For starters, I am not a creative person. I try but most of my ideas are pretty basic. Also, I don’t know that many internet tools to use them in creative ways, but, since this is an assigned post I will try my best.
In our readings, class discussions, and group projects I really enjoy the collaboration of ideas. Blogs are usually places of self-reflection, but in the case of our class blog it is a source of all of our reflections, which I think is cool. I think a creative way of using a blog is to bring multiple people’s ideas into one blog. For example, our group project is already sending us in on all different directions for information from Jim Groom, other history professors, the University archivist, and other professors on campus. I think it would be a great idea to put all of these perspectives in our blog, or whatever digital format we choose. It would be like a “behind the scenes” look at the research, which is not always just researching history but collaborating with multiple people from different disciplines and backgrounds.
Looking through some of the history sites I, of course, noticed things I liked and didn’t like. Most of my comments pertain the appearance and navigation. For example, The Valley of the Shadow has a nice appearance despite all the clicking. The layout is symmetric and clearly states in text and color the periods of research. I think this site is successful in displaying the information and files. However, I don’t like the way the timelines are set-up. I think the horizontal layout looses the ability to see change over time or relations to other events.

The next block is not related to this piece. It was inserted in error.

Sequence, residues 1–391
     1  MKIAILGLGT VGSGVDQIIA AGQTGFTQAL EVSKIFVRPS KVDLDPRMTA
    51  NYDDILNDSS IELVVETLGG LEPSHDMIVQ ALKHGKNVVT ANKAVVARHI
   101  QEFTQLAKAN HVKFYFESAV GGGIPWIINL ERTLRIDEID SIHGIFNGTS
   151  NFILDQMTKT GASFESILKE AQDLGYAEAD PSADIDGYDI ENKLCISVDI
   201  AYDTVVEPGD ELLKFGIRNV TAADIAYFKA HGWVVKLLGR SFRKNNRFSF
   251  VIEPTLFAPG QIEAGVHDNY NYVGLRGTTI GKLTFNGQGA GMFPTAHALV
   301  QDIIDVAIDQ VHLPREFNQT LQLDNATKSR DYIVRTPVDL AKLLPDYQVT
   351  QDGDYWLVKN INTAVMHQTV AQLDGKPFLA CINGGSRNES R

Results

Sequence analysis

The French Revolution Site‘s layout isn’t nice because it is too busy for me. There seems to be a delicate line between too much decoration and not enough. However, I love how it tells you on the first page what type of documents it has essays, text documents, maps, ect. This is helpful because now I can see this website is more of an archive.
The UMW archives is a helpful site. The border and header are designed really well, but the text is boring or overwhelming looking. The search on the archives is really nice because it has a keyword search, advanced search, and browser.
The Emancipation Project site is good. Nothing really fancy, but still good information. I like how it has tabs to explain how it used “scope, duration, source, mediation.”
The Gilded Age Plains City site is the best looking. It is just nice to look at. It’s not boring with its information it’s exciting.
When looking over a site that used Omeka, I found the Harlem CORE site. I think the research and information on this site is very interesting, but I had to click around a few times to get to it. The first page is just plain boring. There is one picture, and it doesn’t get me excited for civil rights or equality. This is unfortunate because once I got into the site I explored interesting photographs and letters from the Harlem CORE office. These objects are displayed very nicely because the people who put this together took the time to put in a lot of information with high quality.